In 1991, Jüri Kahn, the first ambassador of the newly restored Republic of Estonia to be appointed after the war, assumed his duties. Adapting the facilities of the permanent representation to the needs of a modern embassy began, and among other changes, rooms were repurposed to meet the requirements of modern consular tasks.

The Embassy Building

The Estonian Embassy in Moscow is located in the historical centre, in the quarter between Malyi Kislovski and Kalashnyi pereulok, in the close vicinity of the Kremlin, the Arbat and the Conservatory.

The embassy building was constructed in 1903 after a design by architect Alexey Shcheglov as a city manor in early art nouveau style. The house was commissioned by the renowned publisher and bookseller Vladimir Dumnov.

The historical quarters of Moscow largely comprise these residential buildings of well-off citizens built in the 18th and 19th centuries. Their transfer from former owners to foreign missions was a rather common practice at a time when the diplomatic corps was moving from Petrograd to Moscow. This is how this urban manor was allocated to Estonia.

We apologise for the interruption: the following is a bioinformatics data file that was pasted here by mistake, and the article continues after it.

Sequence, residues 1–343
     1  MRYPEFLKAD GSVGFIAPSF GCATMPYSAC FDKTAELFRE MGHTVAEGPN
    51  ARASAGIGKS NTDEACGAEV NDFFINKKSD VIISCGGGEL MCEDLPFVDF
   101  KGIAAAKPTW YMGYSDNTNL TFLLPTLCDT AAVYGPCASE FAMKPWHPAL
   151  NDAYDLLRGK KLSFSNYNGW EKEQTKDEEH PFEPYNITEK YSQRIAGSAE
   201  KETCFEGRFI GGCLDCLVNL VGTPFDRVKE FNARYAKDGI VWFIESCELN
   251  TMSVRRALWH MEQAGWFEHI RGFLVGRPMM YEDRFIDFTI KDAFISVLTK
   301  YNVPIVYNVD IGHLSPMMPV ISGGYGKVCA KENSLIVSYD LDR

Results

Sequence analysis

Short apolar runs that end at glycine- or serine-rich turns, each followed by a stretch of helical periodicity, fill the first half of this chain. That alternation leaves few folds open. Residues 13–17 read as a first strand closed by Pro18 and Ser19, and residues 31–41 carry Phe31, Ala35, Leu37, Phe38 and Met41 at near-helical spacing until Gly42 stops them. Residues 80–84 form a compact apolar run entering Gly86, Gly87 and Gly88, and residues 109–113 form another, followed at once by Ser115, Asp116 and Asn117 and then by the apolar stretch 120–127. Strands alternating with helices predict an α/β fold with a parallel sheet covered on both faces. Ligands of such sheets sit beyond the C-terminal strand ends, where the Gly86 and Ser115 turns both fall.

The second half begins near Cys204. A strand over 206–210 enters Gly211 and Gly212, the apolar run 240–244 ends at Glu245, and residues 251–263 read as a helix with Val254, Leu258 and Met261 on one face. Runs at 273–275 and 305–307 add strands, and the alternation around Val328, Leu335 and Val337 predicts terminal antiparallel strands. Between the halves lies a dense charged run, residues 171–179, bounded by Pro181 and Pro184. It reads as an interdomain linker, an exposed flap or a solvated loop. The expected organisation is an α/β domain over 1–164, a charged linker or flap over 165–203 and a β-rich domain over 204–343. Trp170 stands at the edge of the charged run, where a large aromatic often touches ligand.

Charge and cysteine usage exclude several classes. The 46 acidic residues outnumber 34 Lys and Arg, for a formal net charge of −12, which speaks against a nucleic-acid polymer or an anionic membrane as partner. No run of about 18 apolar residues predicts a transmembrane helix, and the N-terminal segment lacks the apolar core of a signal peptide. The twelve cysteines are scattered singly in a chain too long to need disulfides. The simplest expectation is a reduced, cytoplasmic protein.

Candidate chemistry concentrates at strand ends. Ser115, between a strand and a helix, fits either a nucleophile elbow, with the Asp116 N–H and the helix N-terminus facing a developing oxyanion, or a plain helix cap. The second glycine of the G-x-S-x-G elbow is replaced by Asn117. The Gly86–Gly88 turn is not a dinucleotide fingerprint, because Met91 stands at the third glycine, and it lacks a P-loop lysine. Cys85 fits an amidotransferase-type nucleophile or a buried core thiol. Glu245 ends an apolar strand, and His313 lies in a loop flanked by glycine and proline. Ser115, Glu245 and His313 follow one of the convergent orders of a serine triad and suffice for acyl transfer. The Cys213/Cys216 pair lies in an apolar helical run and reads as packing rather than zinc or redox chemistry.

The lavishly decorated interiors include eclectic and early art nouveau elements: chandeliers, stucco ceiling decorations and marble fireplaces.

After the restoration of the embassy, the administrative building of the ESSR representation with the hotel, the canteen and office rooms was rebuilt to meet the needs of the embassy.